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A Friday ramble

It’s St. Patrick’s Day. Leave it to the Mises Institute to “celebrate” by reprinting a piece on the causes of the potato famine

I’ve never understood the saying “the luck of the Irish.” The Irish have had total crap luck. Irish history has been one long chain of famines, massacres, attempted genocides, and cruel (religious, economic, and intellectual) suppressions at the hand of the “civilized” English. It’s kind of like saying “the luck of the Jewish.” (And as Aaron Zelman used to remind me, “Imagine being both Irish and Jewish.”)

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I know some people won’t like the current, more artsy character of the blog. And to them I say I’m sorry. But it’s an unfortunately insincere apology, as I don’t plan to change my ways.

Some people think art doesn’t have anything to do with freedom. But art has everything to do with freedom. It’s that thing I’ve been preaching but haven’t always practiced: fighting for freedom may be necessary at times. But if we forget how to live free the most valiant fighting in the world will avail us nothing.

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The shape of your nose is influenced by the climate your ancestors lived in.

Tell us something you didn’t have to waste so much (government?) money concluding.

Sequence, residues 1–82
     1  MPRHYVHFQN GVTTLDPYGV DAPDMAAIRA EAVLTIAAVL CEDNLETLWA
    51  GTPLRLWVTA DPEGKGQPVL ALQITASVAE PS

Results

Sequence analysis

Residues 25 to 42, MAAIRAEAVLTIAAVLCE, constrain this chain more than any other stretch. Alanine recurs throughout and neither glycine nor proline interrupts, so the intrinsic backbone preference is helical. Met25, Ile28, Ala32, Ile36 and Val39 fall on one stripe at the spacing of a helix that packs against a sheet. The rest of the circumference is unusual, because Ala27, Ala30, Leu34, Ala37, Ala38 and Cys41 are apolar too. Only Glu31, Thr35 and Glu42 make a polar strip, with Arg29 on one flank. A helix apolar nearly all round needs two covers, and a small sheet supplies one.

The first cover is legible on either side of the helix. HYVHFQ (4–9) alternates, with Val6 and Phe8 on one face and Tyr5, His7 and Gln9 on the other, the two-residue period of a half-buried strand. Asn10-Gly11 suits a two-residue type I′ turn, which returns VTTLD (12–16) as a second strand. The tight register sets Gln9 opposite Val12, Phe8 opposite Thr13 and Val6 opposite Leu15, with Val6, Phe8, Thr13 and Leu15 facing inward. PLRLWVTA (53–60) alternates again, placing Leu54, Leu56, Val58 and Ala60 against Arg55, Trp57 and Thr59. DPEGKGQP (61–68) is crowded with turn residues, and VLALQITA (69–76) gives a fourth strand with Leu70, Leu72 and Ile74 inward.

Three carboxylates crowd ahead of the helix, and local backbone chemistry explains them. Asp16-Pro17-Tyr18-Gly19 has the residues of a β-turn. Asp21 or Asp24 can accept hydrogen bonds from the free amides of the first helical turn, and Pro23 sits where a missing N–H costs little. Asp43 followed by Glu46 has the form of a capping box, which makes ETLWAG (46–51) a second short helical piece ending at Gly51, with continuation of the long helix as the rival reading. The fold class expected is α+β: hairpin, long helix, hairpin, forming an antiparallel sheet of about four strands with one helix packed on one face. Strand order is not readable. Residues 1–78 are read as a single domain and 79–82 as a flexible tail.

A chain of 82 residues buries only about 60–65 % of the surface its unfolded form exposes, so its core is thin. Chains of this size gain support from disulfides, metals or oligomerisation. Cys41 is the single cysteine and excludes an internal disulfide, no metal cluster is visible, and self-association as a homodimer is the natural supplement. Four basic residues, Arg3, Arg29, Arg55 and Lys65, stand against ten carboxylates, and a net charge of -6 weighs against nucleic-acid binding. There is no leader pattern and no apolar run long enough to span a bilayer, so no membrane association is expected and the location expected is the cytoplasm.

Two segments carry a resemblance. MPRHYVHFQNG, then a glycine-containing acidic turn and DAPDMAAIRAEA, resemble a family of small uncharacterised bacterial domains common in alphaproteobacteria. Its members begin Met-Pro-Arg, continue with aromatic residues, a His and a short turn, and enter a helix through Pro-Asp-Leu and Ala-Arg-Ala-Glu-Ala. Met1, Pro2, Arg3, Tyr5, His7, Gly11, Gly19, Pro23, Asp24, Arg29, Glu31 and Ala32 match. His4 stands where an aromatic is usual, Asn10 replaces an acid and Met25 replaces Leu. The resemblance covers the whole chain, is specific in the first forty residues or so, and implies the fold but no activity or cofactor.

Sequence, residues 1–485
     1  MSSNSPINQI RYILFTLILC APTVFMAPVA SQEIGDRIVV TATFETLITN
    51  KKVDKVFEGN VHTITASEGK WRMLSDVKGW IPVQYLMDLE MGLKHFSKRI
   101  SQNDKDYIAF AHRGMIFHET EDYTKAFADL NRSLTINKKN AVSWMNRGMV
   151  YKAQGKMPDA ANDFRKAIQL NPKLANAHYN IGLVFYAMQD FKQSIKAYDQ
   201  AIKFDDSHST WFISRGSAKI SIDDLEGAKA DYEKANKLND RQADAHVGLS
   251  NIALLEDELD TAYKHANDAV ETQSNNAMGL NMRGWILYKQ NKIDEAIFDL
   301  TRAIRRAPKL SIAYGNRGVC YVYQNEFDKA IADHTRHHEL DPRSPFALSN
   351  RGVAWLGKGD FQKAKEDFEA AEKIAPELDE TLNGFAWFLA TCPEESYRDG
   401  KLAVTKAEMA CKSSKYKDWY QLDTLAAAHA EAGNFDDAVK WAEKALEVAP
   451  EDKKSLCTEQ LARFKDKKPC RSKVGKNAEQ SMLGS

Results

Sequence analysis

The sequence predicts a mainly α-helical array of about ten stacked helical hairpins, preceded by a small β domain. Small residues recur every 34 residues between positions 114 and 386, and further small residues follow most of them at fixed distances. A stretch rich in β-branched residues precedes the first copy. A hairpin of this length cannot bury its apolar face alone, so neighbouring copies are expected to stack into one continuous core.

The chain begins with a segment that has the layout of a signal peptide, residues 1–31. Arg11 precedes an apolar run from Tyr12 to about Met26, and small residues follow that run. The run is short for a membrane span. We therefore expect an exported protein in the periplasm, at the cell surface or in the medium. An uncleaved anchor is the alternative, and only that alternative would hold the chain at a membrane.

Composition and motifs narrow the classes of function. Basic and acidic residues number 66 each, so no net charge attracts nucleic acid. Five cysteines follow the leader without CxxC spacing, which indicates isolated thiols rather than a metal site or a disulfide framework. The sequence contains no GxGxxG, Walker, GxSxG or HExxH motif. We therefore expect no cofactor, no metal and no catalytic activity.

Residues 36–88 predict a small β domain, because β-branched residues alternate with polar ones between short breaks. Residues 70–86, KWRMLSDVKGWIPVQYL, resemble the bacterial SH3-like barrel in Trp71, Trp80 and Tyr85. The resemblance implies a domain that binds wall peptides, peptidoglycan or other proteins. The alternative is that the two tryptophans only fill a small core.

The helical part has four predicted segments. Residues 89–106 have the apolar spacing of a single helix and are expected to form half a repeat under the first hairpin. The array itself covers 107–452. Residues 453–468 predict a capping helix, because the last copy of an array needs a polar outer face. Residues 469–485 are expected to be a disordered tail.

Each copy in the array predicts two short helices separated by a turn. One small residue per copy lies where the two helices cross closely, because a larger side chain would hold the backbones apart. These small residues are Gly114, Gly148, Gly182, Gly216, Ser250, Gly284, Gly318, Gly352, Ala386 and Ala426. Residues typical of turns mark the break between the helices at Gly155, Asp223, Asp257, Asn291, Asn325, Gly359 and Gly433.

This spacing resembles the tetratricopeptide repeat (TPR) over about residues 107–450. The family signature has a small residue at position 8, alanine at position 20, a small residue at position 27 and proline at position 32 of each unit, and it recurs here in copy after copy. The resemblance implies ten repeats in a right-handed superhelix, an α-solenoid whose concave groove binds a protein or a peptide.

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Speaking of money … Brad R posted this in comments. But for your bitcoin users, I thought it deserved more prominence. Facial recognition? To use BTC? Can you see the dirty hand of government in here somewhere? Good, if depressing, piece by Wendy McElroy.

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See, I told you that using the Oxford comma was a good idea. Despite what your eighth grade English teacher may have told you, it’s not obsolete after all — as one company just discovered at a potential $10 million cost.

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I’m always skeptical when some celebrity is shown in acts of doggie do-gooding. Is this some just-for-the-cameras thing? Or is it for real? Still, these images of Sir Patrick Stewart and his wife with their new foster pitbull are too adorable to pass up (as jc2k knew when he posted the link in comments the other day).

Why big dogs are better. 🙂

17 Comments

  1. Pat
    Pat March 17, 2017 1:42 pm

    “But it’s an unfortunately insincere apology, as I don’t plan to change my ways.”

    Good for you!

    “It’s that thing I’ve been preaching but haven’t always practiced: fighting for freedom may be necessary at times. But if we forget how to live free the most valiant fighting in the world will avail us nothing.”

    We don’t have to ignore what’s going on in the world, but neither need we suffer from it. This “alt-free” world is ours to enjoy as we choose.

  2. Comrade x
    Comrade x March 17, 2017 2:34 pm

    +1 on not changing your ways.

    On that big dog list; #17 is a dead ringer for my little 10 month old puppy Bones, and he also loves to dance too!

  3. MJR
    MJR March 17, 2017 4:38 pm

    If the great unwashed public actually knew and understood all the trials and tribulations the Irish have endured over the centuries at the hands of the English they would recognize a people who are some of the toughest on the planet. As for Mr. Zelman, I totally understand. My father was orange while my mom was green. It made or some pretty interesting discussions when I was growing up and made me the sh*t disturber that I am today.